I recently saw a "Groundhog day" style post while lurking on an internet metal detecting forum.
A long time water hunter was venting about never having found a gold chain in the water, the same water hunter uses a popular submersible metal detector with an extra large 15 inch search coil.
It does not take a rocket scientist to figure out why you have a better chance of finding a gold chain in the water using a smaller 10 or 8-inch search coil.
You can avoid going years without recovering certain metal detecting finds by taking a look at the finds you are recovering in numbers.
If you always predominantly recover one size, or type of find in large numbers, you may have a problem caused by your choice of search coil or metal detector control settings.
Sometimes a combination of both may be causing the lack of variety in your metal detecting finds.
Recovering high numbers of medium to large gold weddings is nice, but it could be a warning sign that you are missing small gold.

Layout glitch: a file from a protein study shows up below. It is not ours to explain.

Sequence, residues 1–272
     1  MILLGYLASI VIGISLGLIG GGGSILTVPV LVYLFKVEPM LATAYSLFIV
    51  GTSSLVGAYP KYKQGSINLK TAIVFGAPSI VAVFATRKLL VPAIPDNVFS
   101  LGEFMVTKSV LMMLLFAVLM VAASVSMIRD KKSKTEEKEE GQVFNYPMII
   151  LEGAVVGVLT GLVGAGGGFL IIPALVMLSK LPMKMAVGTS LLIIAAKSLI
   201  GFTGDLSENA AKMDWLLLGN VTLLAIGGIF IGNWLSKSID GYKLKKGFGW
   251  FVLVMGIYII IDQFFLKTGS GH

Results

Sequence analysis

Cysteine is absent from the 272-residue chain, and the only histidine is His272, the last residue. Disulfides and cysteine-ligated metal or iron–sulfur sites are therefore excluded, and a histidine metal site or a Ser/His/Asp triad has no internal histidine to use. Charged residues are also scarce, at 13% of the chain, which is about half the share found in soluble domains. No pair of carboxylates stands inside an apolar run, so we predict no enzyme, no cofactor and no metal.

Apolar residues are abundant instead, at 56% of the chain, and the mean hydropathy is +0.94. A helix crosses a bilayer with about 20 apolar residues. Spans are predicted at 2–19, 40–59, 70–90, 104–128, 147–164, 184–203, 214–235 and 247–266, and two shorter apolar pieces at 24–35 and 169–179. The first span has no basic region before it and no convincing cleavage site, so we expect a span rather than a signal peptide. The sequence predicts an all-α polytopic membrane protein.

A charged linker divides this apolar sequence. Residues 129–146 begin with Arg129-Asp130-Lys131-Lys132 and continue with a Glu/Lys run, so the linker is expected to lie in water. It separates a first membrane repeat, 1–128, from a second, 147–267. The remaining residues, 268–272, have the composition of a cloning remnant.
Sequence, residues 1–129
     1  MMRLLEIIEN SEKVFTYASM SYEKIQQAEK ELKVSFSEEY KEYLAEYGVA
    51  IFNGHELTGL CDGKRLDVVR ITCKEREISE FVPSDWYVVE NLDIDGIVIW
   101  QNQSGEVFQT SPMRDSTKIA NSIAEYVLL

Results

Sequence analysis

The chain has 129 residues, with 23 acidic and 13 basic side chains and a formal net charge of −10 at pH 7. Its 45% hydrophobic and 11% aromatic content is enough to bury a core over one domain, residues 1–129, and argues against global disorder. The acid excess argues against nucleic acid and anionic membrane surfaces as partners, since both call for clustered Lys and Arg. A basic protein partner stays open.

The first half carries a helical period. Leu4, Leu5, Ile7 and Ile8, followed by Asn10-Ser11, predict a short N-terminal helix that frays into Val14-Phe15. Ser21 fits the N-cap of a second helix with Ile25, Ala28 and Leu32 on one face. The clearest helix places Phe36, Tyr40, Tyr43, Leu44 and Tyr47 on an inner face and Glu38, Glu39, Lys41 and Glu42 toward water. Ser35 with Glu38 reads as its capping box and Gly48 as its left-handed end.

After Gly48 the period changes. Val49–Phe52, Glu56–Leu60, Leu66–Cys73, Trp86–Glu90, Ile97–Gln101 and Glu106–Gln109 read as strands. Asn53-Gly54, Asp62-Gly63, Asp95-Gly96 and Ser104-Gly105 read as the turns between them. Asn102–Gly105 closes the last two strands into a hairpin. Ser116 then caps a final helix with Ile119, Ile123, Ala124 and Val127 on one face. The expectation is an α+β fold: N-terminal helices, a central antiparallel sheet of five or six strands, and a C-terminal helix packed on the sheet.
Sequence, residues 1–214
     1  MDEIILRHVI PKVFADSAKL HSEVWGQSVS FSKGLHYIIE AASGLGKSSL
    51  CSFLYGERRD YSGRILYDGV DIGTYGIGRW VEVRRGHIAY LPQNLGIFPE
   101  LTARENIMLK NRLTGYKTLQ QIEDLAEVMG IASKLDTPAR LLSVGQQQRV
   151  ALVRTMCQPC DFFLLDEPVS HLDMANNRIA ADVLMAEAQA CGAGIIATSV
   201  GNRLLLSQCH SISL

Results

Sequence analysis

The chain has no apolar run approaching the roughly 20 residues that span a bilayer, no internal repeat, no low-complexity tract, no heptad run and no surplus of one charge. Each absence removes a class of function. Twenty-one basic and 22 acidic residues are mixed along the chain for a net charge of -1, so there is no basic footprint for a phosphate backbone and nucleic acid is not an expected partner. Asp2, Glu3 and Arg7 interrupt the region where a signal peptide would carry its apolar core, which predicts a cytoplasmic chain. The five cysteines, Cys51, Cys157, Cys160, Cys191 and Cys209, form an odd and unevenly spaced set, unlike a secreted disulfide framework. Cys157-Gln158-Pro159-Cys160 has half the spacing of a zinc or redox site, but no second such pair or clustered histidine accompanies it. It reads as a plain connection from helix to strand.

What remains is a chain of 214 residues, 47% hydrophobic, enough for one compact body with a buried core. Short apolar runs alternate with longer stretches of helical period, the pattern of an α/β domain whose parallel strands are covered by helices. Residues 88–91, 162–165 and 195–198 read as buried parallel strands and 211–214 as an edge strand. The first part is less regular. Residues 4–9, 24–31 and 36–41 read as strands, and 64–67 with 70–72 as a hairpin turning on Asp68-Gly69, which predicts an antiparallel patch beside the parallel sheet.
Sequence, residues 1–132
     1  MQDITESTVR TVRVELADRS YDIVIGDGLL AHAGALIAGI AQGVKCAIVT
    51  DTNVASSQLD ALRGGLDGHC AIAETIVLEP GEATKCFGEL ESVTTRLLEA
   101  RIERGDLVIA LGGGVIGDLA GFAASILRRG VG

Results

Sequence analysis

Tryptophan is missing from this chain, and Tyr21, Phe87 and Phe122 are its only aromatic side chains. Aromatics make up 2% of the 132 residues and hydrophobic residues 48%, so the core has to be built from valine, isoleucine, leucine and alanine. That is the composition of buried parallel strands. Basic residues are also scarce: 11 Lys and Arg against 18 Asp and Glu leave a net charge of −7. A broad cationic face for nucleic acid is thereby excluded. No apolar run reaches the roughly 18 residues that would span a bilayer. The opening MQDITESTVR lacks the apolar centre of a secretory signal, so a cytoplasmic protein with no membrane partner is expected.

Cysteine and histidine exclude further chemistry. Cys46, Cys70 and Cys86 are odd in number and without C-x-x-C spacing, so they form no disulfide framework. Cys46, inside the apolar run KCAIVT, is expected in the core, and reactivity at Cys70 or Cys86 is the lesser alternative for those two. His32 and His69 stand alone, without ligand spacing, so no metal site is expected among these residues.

Changing search coils or metal detector control settings will allow you to find small gold.
Alternatively, recovering a majority of small gold targets may be a bad sign, a lack of large gold targets, such as class rings may mean you are lacking depth.
A beach or water hunter should be able to recover gold chains (with and without pendants) and both large and small pieces of gold jewelry.
A few years ago I used a different submersible metal detector with a 12 inch search coil for deep water jewelry hunting on tourist beaches.
I noticed my large gold and platinum band numbers increased, but ladies ring numbers declined.
I stopped using the metal detector with the hardwired 12 inch search coil, and almost immediately my ladies ring numbers increased.
Achieving variety in your metal detecting finds is not just a sign that you search different beaches.
A variety of jewelry finds can also be a sign of a beach or water hunter using the correct size search coil and control settings to suit the beach being hunted.